Chuck Ramirez deals with the confluence of personal and social experiences through use of the grid and seriality. As an artist informed by the “objectness” of the image and issues germane to simulation, much of Ramirez’ work employs an icon that is repeated and arranged serially. Like other native Tejano artists—Texans of Mexican-American origins—such as fellow San Antonio artists Jesse Amado and Franco Mondini-Ruiz, Ramirez’ work may be inscribed in the tradition that Donald Judd forged when he moved to Marfa. Combining the lexicon of Minimalism with images drawn from Tejano and queer vernacular cultures, works such as Quarantine address key issues of contemporary experience.
Revisiting the Dutch vanitas genre, Ramirez arranges a series of images of floral displays in a grid. These large-scale digital prints of hospital floral arrangements reference the pain and grief of loss associated with terminal illness. Also recalling the works of Bernd and Hilla Becher, the depicted typology is objectified, purged of context by editing out narrative cues and background settings. Depleted and stark, the flowers convey, through seriality and metaphor, aspects of human experience as lived history. In contrast to artistic traditions in which everyday image is simply drawn from mass culture (from Warhol to Koons), Ramirez charges the simple, humble and banal with vital layers of signification.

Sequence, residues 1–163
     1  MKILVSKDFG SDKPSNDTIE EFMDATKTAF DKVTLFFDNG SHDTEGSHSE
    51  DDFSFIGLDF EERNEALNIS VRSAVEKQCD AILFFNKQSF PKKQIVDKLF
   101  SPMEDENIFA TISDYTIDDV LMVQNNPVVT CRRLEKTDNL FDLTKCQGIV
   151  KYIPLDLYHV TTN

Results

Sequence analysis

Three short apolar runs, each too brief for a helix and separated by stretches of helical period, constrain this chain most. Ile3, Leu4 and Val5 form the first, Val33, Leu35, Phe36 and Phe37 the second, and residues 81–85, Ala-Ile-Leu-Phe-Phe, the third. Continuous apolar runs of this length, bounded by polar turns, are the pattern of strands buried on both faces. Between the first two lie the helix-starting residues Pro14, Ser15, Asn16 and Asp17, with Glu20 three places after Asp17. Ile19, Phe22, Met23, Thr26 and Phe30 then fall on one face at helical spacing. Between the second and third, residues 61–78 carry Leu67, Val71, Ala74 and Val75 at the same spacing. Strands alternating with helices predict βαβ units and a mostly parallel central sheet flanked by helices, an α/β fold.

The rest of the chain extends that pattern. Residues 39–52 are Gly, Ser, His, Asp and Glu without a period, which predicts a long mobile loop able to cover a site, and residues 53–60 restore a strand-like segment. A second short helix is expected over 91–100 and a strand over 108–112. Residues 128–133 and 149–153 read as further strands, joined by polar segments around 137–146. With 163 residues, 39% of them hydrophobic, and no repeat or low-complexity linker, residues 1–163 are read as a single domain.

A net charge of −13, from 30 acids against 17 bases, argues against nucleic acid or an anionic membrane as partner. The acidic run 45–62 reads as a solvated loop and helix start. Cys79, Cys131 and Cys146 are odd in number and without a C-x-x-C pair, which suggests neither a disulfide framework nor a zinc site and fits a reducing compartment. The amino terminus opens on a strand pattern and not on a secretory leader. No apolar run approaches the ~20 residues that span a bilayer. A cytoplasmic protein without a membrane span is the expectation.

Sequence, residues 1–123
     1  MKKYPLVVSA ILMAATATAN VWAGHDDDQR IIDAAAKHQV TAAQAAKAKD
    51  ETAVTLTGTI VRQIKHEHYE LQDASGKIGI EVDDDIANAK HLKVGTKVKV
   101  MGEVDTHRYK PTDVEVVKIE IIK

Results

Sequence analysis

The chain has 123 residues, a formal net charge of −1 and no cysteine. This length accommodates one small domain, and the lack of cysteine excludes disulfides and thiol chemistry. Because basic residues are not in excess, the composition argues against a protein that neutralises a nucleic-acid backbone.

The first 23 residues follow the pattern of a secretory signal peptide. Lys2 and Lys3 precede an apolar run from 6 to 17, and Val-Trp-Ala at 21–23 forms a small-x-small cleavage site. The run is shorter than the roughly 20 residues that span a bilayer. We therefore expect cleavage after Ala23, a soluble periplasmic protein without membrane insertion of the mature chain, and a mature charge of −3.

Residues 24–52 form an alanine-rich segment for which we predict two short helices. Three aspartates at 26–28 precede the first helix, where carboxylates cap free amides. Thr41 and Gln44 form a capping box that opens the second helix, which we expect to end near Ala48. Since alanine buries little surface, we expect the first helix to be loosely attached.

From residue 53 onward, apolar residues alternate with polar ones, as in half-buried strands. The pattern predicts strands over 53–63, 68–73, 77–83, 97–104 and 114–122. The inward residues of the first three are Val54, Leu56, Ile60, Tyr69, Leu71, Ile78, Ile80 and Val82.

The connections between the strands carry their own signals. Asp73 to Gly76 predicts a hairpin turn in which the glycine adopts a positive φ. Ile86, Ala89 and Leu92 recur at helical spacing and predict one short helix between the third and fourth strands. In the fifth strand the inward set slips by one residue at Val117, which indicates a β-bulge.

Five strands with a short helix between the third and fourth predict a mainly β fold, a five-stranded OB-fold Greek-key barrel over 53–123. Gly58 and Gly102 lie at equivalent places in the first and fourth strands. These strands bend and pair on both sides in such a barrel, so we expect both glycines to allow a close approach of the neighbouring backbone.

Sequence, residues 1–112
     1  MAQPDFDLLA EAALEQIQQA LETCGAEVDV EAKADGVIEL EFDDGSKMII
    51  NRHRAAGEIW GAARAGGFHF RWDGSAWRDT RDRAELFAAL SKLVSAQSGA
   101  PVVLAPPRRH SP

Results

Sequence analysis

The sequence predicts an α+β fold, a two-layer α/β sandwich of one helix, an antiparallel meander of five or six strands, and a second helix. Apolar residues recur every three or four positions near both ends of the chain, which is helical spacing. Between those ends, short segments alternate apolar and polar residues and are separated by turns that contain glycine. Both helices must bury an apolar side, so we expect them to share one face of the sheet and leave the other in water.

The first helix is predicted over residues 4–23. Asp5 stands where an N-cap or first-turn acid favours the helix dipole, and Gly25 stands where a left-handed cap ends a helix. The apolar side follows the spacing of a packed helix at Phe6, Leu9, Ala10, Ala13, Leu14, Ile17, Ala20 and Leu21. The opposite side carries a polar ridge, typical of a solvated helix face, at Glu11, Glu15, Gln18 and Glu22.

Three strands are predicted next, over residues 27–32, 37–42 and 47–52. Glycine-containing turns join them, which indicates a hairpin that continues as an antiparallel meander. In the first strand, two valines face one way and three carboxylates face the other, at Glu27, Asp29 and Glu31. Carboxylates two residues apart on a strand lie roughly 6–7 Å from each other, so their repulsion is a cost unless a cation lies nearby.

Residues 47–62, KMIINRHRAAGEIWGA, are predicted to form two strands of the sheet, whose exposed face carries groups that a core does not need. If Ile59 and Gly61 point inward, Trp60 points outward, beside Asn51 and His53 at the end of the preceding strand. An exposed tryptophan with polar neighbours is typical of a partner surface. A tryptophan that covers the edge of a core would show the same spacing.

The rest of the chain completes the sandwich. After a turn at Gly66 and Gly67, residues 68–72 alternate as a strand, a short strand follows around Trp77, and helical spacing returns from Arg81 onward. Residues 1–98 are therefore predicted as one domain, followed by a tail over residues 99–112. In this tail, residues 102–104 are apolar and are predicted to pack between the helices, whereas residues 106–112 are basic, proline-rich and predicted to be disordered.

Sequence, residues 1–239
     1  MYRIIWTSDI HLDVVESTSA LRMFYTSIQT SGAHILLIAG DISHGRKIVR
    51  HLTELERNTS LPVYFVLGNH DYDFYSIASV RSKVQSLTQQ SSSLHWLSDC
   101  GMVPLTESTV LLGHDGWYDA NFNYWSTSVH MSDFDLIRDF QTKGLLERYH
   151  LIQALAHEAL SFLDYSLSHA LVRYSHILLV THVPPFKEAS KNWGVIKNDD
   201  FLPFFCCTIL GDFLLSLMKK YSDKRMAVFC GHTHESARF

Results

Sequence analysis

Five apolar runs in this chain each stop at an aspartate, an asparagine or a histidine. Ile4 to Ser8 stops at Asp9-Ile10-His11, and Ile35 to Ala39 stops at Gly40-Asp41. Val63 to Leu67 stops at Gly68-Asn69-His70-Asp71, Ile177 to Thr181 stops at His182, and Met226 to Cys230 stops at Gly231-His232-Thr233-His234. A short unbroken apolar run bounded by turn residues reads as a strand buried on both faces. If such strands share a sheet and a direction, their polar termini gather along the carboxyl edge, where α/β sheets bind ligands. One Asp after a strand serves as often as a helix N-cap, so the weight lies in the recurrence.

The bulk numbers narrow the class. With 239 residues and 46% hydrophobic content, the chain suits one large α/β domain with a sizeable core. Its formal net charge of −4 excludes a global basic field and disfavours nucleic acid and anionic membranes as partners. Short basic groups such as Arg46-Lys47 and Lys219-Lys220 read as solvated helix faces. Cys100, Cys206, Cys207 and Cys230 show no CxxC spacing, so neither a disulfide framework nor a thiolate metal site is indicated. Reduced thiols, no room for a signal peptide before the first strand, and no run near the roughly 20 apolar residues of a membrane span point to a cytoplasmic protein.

Zamudio-Taylor, Victor et al. Políticas de la diferencia: Arte Iberoamericano fin de siglo, Consortium of Museums of the Valencian Community, 2001.
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